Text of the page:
Happy Thanksgiving Eve!

Marble Sorter

Marble Sorter

I take photos all the time in my engineering classes. I hang them up on the wall, post them to our school website, and have my students use them in their projects. To me, a photo is an excellent documentation of work done. For example, the photos below of initials carved by a CNC mill prove to me that these two students successfully applied mathematical knowledge of Cartesian coordinates, engineering knowledge of G&M Codes (the programming language used to communicate with a CNC mill), and technical knowledge of how to operate the CNC Mill machinery, to produce the final product.

Or take this photo of a robotic arm that has just successfully built a pyramid out of wax blocks. It shows me that a student has mastered the skills of how to control the robotic arm, how to record positions, and how to program the arm to perform that task. Note that I do observe the student running the program before the photo is taken, so it can’t be staged!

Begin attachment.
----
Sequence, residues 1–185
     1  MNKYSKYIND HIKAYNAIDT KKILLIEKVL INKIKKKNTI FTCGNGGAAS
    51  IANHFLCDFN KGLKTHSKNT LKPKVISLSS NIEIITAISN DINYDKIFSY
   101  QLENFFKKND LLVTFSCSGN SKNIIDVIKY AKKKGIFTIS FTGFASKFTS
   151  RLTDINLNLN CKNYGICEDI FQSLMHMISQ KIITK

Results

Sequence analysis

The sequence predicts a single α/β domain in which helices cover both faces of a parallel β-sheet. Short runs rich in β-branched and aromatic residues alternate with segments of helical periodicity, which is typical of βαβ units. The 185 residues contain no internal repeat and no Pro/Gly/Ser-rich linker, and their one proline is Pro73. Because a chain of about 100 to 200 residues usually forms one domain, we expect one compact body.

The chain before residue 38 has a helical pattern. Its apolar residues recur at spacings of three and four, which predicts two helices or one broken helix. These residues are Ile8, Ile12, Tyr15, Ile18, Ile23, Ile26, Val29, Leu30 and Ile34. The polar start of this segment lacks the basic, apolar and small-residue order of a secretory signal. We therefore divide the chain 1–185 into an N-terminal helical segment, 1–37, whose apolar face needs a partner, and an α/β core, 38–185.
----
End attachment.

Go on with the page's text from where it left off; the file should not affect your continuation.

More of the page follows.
Robotic Arm with Pyramid

Robotic Arm with Pyramid

Now, I am less accustomed to taking and using photos in my math classes. But I would like to move more in that direction. I’d like to use photos in math class on as regular a basis as I do for engineering, plus be able to hang those photos up and celebrate my students’ work. I took photos this year of our class’s huge Sierpinski Triangle Print, and of some 3-dimensional polyhedra that my geometry students built. What else can I take pictures of? How else can I use photographs (or even videos) in my math class, not to introduce a lesson but as part of the projects that we do?


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Filed under engineering, math, teaching

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